What Happens If You Look At The Sun During A Solar Eclipse?

Print icon

Don’t look now, but the solar eclipse is coming Aug 21. It’s the first total eclipse visible from the United States since 1979, though Connecticut residents will see only a partial eclipse when the moon blocks the sun from 1:25 p.m. to 3:59 p.m.

It’s an event, for sure, but don’t watch it without the proper equipment. The total eclipse, visible across the continental United States for the first time in about 40 years — for two minutes in a 70-mile swath from central Oregon through South Caroline — is safe to watch. The partial eclipse, which precedes and follows the total eclipse, is not.

“The only way to look directly at the sun safely during a solar eclipse,” says Dr. Lyndon Lee of the Hartford HealthCare Eye Surgery Center, “is through a specific pair of eyeglasses known as eclipse glasses that block the sun’s harmful rays from entering your eyes and causing sun damage.”

Light from a solar eclipse can damage your eyes, though it’s doubtful it can cause blindness. More often, damage is caused when bright light saturates the retina, a condition known as solar retinopathy. It’s never a good idea, under any circumstances, to look toward the sun.

To view the eclipse, you’ll need solar filters, or “eclipse glasses,” that are regulated by an international safety standard. Counterfeit glasses that carry fake ISO certification labels and inadequate eye protection are showing up online. (Amazon on Aug. 14 said it was offering refunds to people who bought counterfeit solar eclipse glasses on the company’s website.) For a list of approved eclipse glasses and handheld viewers, click here.

As the eclipse approaches, keep in mind these tips from the American Astronomical Society:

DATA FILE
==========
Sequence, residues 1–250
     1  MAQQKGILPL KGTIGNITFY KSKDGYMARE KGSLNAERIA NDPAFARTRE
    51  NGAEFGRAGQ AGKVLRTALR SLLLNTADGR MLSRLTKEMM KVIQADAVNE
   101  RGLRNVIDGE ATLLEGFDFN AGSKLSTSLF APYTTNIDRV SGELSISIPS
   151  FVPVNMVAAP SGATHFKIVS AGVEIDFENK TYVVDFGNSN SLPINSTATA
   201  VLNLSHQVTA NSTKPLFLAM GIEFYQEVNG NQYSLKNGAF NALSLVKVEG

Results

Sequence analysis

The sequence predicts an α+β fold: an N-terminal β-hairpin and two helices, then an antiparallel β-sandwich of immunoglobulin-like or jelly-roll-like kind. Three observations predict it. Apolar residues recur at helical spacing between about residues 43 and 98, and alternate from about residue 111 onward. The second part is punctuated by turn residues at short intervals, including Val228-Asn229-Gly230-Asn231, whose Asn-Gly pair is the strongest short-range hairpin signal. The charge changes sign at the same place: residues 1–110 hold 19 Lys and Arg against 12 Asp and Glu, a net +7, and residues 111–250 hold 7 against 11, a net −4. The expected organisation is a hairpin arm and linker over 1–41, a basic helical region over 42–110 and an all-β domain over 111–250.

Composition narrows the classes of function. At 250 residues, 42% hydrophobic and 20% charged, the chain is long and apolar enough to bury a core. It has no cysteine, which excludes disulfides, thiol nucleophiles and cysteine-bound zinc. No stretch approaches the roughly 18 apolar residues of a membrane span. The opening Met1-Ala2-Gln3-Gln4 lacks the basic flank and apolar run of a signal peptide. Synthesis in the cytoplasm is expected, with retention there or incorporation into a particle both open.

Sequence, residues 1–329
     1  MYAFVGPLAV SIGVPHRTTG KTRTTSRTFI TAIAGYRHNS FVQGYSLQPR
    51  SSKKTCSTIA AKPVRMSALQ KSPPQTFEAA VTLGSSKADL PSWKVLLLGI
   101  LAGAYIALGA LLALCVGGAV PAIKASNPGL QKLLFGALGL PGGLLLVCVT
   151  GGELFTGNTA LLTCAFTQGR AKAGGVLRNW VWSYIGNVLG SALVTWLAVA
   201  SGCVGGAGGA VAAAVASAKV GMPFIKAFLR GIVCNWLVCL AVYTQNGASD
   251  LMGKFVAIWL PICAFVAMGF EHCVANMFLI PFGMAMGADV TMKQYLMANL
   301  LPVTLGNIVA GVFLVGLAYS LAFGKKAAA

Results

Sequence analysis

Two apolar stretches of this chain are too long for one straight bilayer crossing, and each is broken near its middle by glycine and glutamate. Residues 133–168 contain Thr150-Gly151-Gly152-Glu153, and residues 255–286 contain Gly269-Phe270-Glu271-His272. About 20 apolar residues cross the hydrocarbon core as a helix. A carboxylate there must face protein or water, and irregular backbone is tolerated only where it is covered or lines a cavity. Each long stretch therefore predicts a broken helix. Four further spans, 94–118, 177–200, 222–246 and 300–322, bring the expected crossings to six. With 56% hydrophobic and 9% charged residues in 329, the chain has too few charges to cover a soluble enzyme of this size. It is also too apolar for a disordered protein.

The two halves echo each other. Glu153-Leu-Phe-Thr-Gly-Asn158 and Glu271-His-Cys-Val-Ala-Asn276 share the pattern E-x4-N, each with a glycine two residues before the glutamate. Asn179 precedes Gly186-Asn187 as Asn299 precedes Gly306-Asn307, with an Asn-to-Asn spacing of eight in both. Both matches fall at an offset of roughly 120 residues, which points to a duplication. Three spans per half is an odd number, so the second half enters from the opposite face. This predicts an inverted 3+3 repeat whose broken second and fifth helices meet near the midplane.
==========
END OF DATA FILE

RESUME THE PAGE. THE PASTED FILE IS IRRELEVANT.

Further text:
• Check your solar glasses before using them. If there’s a scratch or other damage, don’t use them.
  • Stand still and put on your solar glasses before looking up to the sun. Never remove the glasses while looking at the sun.
  • Never look at the sun through a camera, binoculars or telescope while wearing your eclipse glasses of handheld solar viewer. The concentrated rays can damage the filter and reach the eye, cause serious damage.
  • If you also wear eyeglasses, do not remove them. Place the eclipse glasses over them.
  • Always supervise children who are using eclipse glasses.

“A solar eclipse is a rare but exciting event,” says Dr. Lee. “While it’s possible to view the eclipse, it’s important to protect your eyes and follow guidelines for save eclipse viewing.”

For more information on eye health and conditions like cataracts and glaucoma, visit the Eye Surgery Center. To find an experienced eye surgeon, call 1.855.HHC.EYES (1.855.442.3937).


What's New

Brian Macfarlane

For This Retiree, UroLift (For Enlarged Prostate) Proves Liberating

You might find it hard to believe that Brian Macfarlane has already been retired for 10 years. It’s easy to imagine the youthful 71-year-old still driving the beer distribution truck that he drove for more than 30 years. He’s enjoying retirement and staying active by walking three to four miles...


Parents: How To Explain Hollywood Sex Scandal To Your Kids

Talking about sex with your own kids is never easy. Talking with them about the accusations of sexual misconduct against movie mogul Harvey Weinstein, comedian Louis C.K. or U.S. Senate candidate Roy Moore and others can be downright intimidating. But it’s an opportunity – another in the many “teachable” moments...


What New High Blood Pressure Guidelines Mean For You

The number of Americans with high blood pressure increased dramatically Nov. 13 when the American Heart Association, the American College Cardiology and nine other groups released a new guideline on hypertension. The standard, the first change in 14 years, is now 130/80 mm Hg, down from the guideline established in...


Rethinking Stroke: DAWN Trial Expands Treatment Window

A groundbreaking new study is helping hospitals and health systems around the world establish protocols that increase the time window of treatment for patients who have had an ischemic stroke, greatly reducing disability and improving outcomes. Results from the DAWN stroke trial released in the New England Journal of Medicine this...


Forget The Meds: Now He Zaps Away Back Pain

For Dan Ivey, life is once again in full bloom. “I love this job. I want to be able to do it until I’m 75 years old,” he said of his job as church caretaker in Old Lyme. But that goal proved nearly impossible after Dan could no longer work...